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Murdoc
Premium
join:2009-02-08
Manitowoc, WI

whats the Best way to run gas line to garage?

I am looking at putting a heater in my 1 car garage that has a patio built on to it. How deep do I need to put it, and what is the best to use black steel or that csst? Do I need to put a tracer wire along the pipe in the ground?



nunya
Premium,MVM
join:2000-12-23
O Fallon, MO
kudos:12
Reviews:
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I'm no plumber, but I think ferrous pipe / tubing underground has become passe. I've only seen the gas company use copper or HDPE for buried lines (I'm talking about "private" post meter lines, not the mains and drops).

I had a line run about 10 years ago to a detached garage. I just used the local gas utility to have it done. It *seems* like the HDPE was at least a foot down. Probably closer to 18-24". They put some galvanized "sleeves" on it, one by the meter and one by the garage. They also buried a tracer wire. I guess with metallic pipe, you wouldn't need a tracer.

I'd wait for a plumber to chime in to tell you the actual requirements.
--
Looks like Reverend Wright got his wish - God Damn America.
Nancy Pelosi - House Minority Leader 2010
Harry Reid - Senate Minority Leader 2010



Ken
Premium,MVM
join:2003-06-16
Markle, IN
reply to Murdoc

said by Murdoc:

what is the best to use black steel or that csst?
Check your local codes before you do anything. CSST isn't approved in some areas. Assuming it is approved in your area, I don't think you can bury it.


Nony Mouse

@comcast.net
reply to Murdoc

Maybe check with your gas utility. Ours gave me a 100' coil of direct burial plastic pipe and 2 transition fittings.



jack b
Gone Fishing
Premium,MVM
join:2000-09-08
Cape Cod
kudos:1
reply to Murdoc

Most municipal plumbing codes require gas lines be buried a minimum of 18 inches. I would not recommend direct bury of steel pipe. First of all for corrosion protection, the pipe would have to be mill wrapped with a plastic coating. You would need to thermite weld a wire from the pipe to a magnesium anode as well as for electrically bonding the couplings, and finally apply an insulating mastic pipe coating on any exposed steel.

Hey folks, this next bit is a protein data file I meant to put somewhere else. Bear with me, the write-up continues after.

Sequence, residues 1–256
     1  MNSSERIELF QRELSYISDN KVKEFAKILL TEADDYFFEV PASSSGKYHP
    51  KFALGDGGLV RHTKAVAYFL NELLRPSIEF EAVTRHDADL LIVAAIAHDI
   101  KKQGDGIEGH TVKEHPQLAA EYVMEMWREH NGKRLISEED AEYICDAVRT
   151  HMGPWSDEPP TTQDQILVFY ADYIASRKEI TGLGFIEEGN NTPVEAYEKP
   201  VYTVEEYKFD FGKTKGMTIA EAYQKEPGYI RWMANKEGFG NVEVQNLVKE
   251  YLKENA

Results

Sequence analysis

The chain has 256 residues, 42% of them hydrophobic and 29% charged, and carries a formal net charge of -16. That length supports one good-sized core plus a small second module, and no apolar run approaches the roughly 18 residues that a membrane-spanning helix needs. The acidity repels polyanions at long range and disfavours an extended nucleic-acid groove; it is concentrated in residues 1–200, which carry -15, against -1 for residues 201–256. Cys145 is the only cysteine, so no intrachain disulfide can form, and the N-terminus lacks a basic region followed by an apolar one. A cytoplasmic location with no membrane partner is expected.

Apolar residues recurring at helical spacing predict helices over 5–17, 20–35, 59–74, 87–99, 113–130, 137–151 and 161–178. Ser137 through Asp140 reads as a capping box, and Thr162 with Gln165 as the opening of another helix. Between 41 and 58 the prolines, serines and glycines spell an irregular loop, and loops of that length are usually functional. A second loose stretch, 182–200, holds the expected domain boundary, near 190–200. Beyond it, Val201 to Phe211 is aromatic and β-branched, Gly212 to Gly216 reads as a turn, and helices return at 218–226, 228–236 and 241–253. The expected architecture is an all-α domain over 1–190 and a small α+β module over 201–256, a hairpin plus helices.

CSST can be used if your town allows it, but when buried it must be installed inside a suitable sleeve (PVC) that is gas tight and is vented at each end.
Many CSST manufacturers also require only trained individuals install the transition fittings, so a plumbing supply house may not even sell it to you.
You may be handy, but you might need a plumber for some help with some of this one.
--
~Help Find a Cure for Cancer~
~Proud Member of Team Discovery ~



tp0d
yabbazooie
Premium
join:2001-02-13
Carnegie, PA
kudos:5

2 edits

Black steel is illegal, at least in this area. Wouldnt doubt its also illegal there, as well as a very bad idea. Even with a coating, its going to rust eventually.

There is a new form of CSST that is approved for burial, but the fittings are so damn expensive, it makes plastic a no-brainer. (30-40$ per fitting for csst, my wholesale cost)

I`d use the yellow polyethylene underground with the proper riser fittings on each end. Local code here is a minimum of 18", deeper cant hurt. 2" of sand on top and bottom of pipe is also a very good idea for longevity.

Probably best to have a plumber do it. If you dig the trench, it would probably be a pretty cheap job.

-j
--
if it aint broke, tweak it!!
currently on FiOS (kick aZZ!)



Murdoc
Premium
join:2009-02-08
Manitowoc, WI

1 edit
reply to Murdoc

Ok thanks for the help. I will contact the gas company and contact whoever they recommend.

I checked into it, and its like $250 and i think it was 35 cents a foot for a 1 inch line. And a lot of other red tape. So its either electric or propane. Since I have electric I think I will go with planning it out that way.



zen1

@optonline.net

said by Murdoc:

Ok thanks for the help. I will contact the gas company and contact whoever they recommend.

I checked into it, and its like $250 and i think it was 35 cents a foot for a 1 inch line. And a lot of other red tape. So its either electric or propane. Since I have electric I think I will go with planning it out that way.
electric heat in a garage? yipes!. that's going to be very expensive to run!. a propane heater, that could be converted later on to run on natural gas, to save even more money, is a much better bet!.


Murdoc
Premium
join:2009-02-08
Manitowoc, WI

1 edit

Yeah I know buddy your absolutely right. I was just thinking that it was going to be stupidly expensive before I came on. I think propanes a easier route to take. Or else do the csst in conduit and screw the permits and stuff and use natural gas.
Or maybe a quick disconnect fitting ( the one that cuts off when disconnected) on the house that I can connect a natural gas rated hose to.



nunya
Premium,MVM
join:2000-12-23
O Fallon, MO
kudos:12
reply to Murdoc

$250 + $.35 / foot is cheap! Hell, that's subsidized pricing.



Msradell
P.E.
Premium
join:2008-12-25
Louisville, KY

said by nunya: